1) Implement inter-circuit RS-485 communication
2) Establish support for JavaFX for the user interface.
For the RS-485 implementation, we obtained the MAX485 chips and a RS-232 to RS-485 converter from our sponsor. We then proceeded to implement the RS-485 circuit for the Pygmy meter circuit using the MAX485 chip. We chose to use header jumper cables instead of twisted pair, since we did not need the prototype to have long range communication capabilities. Since the cables did not have high impedance, we did not use termination resistors. We did not use any fail-safe bias resistors, as it was already implemented in the MAX485 chip. Finally, we were able to successfully send the data from the Pygmy meter to the PC. Next, we will work on making both the circuits send data to the PC using RS485 simultaneously.
To implement the analog output, we first used the command PWM in the firmware. However, the output was not continuous (infinite cycles) so instead we chose the HPWM command. Based on the settings (changing duty cycles, 1 kHz frequency), we made a simple low-pass filter from an RC circuit, using a time constant 10 times the period of the pulse width modulator. Before implementing the RC circuit, we were considering to use an R-2R ladder, but decided otherwise because it would require more pins on the MCU.
The Cap-wire circuit is essentially the same as the Pygmy meter circuit. The difference between the two is, in the Cap-wire circuit, rather than connecting the instrument directly to the micro-controller we have a 555 timer which outputs a square wave to the micro-controller. Since the Cap-wire instrument is a variable capacitor, we connected it to the 555 timer to obtain a waveform whose frequency varies. Theoretically, we will be able to determine the water level based on this frequency.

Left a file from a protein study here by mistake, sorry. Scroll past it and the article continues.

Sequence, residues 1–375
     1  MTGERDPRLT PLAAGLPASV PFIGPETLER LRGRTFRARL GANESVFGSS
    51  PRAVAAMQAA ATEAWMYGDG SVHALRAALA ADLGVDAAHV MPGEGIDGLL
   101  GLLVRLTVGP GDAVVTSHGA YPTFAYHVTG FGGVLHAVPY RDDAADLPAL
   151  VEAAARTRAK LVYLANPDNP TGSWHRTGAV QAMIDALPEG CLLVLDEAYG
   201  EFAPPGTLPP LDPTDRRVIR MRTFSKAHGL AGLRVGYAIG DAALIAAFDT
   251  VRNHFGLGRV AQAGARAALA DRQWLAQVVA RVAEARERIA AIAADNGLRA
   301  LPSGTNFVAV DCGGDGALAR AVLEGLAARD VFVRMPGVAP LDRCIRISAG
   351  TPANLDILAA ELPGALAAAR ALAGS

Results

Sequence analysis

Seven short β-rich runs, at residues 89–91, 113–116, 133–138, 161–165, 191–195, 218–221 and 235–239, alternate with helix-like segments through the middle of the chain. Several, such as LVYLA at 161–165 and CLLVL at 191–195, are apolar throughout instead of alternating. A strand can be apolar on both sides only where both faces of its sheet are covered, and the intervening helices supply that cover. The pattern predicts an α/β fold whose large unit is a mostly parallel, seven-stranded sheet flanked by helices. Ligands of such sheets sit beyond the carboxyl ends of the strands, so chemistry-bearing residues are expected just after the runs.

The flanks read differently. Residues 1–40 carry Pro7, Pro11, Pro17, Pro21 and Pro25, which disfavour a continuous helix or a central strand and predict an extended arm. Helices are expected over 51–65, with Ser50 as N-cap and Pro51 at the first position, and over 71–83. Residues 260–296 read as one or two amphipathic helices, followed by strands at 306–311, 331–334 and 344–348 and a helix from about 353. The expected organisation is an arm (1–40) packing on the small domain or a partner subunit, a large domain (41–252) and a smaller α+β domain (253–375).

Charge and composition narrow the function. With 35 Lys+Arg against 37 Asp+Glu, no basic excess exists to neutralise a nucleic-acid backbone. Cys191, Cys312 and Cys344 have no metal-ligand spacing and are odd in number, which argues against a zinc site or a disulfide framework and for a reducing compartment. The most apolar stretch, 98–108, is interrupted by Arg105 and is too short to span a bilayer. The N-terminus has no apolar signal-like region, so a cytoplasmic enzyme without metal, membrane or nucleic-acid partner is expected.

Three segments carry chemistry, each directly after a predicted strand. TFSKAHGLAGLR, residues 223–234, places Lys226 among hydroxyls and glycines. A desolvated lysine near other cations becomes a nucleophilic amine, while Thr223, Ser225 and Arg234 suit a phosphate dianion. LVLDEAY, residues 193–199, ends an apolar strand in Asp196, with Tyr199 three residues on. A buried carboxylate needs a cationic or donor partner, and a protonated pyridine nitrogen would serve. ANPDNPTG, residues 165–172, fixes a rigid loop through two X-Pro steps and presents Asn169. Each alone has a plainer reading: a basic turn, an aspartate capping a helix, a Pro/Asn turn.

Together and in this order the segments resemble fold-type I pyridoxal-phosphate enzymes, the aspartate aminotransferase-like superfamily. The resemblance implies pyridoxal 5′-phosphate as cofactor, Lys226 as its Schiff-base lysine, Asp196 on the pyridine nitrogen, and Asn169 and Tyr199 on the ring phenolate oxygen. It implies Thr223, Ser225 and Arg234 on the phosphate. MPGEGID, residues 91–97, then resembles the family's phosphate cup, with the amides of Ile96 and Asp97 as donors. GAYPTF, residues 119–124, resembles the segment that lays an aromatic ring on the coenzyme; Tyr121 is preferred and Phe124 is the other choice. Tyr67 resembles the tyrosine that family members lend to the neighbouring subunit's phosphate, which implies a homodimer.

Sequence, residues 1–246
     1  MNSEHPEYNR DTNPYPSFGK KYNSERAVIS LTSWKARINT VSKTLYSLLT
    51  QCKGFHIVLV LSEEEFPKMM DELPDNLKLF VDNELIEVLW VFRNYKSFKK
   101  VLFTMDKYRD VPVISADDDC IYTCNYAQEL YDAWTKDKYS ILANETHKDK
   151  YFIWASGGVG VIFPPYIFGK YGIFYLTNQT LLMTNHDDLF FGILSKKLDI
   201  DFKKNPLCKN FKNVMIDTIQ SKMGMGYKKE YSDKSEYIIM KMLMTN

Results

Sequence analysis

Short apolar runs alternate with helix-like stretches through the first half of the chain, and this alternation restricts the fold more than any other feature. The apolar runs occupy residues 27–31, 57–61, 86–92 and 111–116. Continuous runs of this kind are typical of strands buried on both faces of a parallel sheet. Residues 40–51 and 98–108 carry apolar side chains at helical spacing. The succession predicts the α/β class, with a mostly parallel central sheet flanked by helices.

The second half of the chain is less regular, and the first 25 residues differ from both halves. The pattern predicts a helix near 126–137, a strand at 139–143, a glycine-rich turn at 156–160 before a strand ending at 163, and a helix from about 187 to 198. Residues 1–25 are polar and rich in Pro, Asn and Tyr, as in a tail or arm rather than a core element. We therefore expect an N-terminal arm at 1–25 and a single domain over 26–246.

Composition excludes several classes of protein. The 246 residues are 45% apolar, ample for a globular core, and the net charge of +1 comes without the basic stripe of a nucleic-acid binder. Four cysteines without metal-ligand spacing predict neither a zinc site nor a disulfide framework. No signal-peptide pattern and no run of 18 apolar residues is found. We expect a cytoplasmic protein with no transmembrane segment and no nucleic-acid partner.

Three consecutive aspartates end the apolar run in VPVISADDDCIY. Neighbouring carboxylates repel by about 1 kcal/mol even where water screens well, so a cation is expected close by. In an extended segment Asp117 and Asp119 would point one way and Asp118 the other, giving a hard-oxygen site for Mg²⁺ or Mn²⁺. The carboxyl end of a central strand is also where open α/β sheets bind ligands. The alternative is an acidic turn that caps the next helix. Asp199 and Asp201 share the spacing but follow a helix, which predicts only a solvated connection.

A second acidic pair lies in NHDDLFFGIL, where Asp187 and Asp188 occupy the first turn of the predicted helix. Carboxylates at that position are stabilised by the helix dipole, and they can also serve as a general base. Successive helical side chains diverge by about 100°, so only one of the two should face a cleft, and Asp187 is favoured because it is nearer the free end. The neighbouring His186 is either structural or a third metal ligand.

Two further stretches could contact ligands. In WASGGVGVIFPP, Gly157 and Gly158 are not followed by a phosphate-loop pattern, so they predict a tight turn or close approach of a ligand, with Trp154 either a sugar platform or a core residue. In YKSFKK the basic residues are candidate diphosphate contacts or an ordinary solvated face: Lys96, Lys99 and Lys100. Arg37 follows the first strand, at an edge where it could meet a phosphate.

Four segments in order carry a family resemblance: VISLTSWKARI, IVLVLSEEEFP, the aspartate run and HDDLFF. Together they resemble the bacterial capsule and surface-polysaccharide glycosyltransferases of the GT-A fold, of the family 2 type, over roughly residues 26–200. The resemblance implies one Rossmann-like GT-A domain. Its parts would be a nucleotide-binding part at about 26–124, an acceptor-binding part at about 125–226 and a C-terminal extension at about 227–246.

We followed the direction on the datasheet for the astable operation (schematic shown above) which produces the square wave. Next, we had to figure out the values of Ra, Rb, and C for using the following equations:
frequency = 1.44/ (Ra +2Rb)C
duty cycle = 1- (Rb/ (Ra +2Rb))
We decided on the following values:
Ra = 36 K Ohms, Rb = 3.6 M Ohms, and C = 200 – 800 pF
Consequently, we obtained the following values:
Frequency = 495 – 1980 Hz
Duty Cycle = 50 %
We the capacitor ‘C’ will be our Cap-wire instrument in the final design. For the purpose of prototyping, we used a known value of 660 pF. We observed that the frequency changed as we put a different capacitor within the 200-800 pF range.
For next week, the things to work on are:
1) RS-485 – inter-circuit communication
2) Improve accuracy of circuit timing
3) Integrate RS485 and analog output functionality.
4) Integrate the Pygmy circuit and the Cap-wire circuit.
I have updated the MAX481 wiring diagram as shown below: